During your interview, discuss how this additional training has strengthened your skills. Training others or writing about your past work skills and experience in a blog, magazine or other format is also a valuable addition to your resume.

3. LinkedIn and Networking

Of all the social media, LinkedIn is still the most popular for both recruiters and job seekers. If you don’t have an account, set one up now. Include your current resume. Be sure to create a positive impression on prospective employers by using a professional profile picture.


Networking on LinkedIn is also a very good way to keep in touch with peers and companies that you may not have considered in the past. Share articles that are both interesting and relevant to your industry. Becoming an active participant in industry groups will also help you to build critical connections that can lead to job opportunities.

4. Rebranding Your Skills

During the pandemic, many people had to act as caregivers for their family members while schools and care centers were closed. For others, child custody issues caused by the coronavirus turned work schedules upside down, forcing some people to take an extended leave from their jobs. If this is you, you can positively address these resume gaps. A Certified Professional Resume Writer can help you think through the “business” side of managing your new normal while at home.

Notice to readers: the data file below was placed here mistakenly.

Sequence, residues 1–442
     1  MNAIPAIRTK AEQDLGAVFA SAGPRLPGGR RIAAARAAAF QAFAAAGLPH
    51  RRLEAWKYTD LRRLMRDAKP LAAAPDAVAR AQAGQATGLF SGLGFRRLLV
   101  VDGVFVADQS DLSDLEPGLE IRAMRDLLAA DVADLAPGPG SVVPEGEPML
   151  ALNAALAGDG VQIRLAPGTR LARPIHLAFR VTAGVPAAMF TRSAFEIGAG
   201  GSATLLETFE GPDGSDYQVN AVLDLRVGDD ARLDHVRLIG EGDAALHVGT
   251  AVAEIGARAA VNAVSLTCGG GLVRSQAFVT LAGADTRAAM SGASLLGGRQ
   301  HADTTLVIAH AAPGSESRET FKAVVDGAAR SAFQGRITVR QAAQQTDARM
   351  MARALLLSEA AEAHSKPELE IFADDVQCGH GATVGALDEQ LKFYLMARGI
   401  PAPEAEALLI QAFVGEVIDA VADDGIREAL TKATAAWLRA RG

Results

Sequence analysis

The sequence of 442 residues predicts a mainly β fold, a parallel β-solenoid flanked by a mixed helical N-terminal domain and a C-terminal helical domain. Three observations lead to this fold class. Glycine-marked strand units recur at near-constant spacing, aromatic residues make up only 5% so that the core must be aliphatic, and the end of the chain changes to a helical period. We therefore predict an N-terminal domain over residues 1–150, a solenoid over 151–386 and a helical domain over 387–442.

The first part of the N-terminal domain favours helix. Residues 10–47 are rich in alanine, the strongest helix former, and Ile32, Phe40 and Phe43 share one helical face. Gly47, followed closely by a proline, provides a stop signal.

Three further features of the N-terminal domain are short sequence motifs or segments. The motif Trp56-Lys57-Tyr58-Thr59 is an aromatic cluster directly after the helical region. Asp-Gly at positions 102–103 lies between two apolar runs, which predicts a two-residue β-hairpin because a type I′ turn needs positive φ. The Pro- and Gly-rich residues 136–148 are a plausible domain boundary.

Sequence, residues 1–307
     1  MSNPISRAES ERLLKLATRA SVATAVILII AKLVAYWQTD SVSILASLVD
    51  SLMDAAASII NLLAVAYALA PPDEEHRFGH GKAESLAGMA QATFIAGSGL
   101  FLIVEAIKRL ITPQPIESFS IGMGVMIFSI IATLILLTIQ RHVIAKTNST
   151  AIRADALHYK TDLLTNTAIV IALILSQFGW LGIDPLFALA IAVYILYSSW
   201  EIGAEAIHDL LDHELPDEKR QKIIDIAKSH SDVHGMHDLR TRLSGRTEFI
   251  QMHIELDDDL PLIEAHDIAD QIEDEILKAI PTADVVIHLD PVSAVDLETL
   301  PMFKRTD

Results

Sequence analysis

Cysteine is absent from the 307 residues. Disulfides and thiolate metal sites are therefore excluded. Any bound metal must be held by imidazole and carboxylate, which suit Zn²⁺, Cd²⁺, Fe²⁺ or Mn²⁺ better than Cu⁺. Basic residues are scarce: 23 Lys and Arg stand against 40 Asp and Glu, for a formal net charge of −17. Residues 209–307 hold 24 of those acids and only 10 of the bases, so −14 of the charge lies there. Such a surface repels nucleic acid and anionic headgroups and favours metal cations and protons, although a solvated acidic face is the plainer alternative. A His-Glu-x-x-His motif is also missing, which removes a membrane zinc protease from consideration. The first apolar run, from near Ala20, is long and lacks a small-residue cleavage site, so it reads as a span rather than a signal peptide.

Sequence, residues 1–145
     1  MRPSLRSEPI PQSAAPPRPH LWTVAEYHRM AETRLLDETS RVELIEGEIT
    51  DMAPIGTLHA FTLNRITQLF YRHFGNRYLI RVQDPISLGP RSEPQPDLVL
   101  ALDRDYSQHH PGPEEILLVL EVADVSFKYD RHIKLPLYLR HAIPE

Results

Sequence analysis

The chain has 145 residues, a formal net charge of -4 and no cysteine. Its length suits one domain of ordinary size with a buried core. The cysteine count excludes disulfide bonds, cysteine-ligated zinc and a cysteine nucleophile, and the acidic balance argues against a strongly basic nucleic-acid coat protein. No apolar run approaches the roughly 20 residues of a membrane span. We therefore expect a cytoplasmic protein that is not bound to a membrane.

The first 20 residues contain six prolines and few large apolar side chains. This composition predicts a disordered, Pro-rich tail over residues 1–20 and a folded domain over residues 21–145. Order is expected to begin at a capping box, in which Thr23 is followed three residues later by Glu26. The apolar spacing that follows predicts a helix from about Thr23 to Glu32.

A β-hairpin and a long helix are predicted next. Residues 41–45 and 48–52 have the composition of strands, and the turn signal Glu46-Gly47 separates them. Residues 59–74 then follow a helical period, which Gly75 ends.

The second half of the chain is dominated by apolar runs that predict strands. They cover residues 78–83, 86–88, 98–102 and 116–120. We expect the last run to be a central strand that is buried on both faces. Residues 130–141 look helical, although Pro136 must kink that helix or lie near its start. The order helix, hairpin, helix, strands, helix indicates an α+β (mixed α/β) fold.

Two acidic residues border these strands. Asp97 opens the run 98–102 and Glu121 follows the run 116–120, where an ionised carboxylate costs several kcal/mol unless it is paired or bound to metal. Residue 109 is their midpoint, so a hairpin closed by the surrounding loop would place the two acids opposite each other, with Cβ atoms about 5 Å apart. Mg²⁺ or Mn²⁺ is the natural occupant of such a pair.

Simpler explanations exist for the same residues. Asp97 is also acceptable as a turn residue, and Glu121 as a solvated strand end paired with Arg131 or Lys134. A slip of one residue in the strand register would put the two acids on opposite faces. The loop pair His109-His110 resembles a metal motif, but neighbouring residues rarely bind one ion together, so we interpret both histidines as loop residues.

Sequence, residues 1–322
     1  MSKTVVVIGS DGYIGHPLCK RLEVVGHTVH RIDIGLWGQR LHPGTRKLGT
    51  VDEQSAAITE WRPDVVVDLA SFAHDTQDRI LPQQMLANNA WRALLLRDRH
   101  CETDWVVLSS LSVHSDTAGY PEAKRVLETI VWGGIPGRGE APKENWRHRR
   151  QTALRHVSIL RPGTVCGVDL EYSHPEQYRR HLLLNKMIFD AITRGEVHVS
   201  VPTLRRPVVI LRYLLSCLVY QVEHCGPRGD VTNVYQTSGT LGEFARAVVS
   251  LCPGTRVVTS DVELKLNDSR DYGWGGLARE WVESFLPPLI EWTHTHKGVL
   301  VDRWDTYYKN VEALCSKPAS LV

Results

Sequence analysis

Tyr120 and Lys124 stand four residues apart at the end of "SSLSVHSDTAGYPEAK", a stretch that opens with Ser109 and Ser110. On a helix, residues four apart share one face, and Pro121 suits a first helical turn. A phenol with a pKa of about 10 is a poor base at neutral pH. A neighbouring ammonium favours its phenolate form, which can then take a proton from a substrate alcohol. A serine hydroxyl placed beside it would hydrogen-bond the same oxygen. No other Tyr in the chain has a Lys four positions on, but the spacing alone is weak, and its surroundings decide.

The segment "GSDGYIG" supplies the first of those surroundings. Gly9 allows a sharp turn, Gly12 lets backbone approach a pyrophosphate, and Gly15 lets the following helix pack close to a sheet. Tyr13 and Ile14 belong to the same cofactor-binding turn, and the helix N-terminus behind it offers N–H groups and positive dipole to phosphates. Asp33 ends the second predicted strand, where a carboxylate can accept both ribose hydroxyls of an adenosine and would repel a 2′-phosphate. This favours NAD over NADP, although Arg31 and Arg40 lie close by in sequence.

Remember that nearly everyone across the country was impacted by lockdown measures, so your prospective employer may be sympathetic. But you can also rebrand the skills you employed as a caregiver as well, including tasks like budgeting, time management, and coordinating schedules and paperwork. Share what you learned performing these administrative skills in your interview and how they can help you be a valuable addition to their firm.

Nailing Your Interview

As you can see, gaps are less critical right now than how you handle your interview. This is a good time to practice talking about your employment gaps as well as answering other interview questions that are designed to trick you. You should appear not as someone eager to get any job but as someone who has been actively improving yourself to further your career.


Research the company and the people who will be interviewing you. All publicly-traded companies will post their annual reports and proxy statements on their website, which have a wealth of information. Smaller companies may not have this information readily available, but you can look at their website and other sites such as for more information. You can use this information to convince them why you are the best fit for the position. Make good use of the time before your appointment to investigate any recent news or events that will impact the job you’re interviewing so your interviewer will know you are up-to-date on the industry.


Resume employment gaps are more common now following the pandemic. However, that does not mean you should sit back and expect hiring managers to understand. With a little extra effort, you can stand out from the crowd to land that job.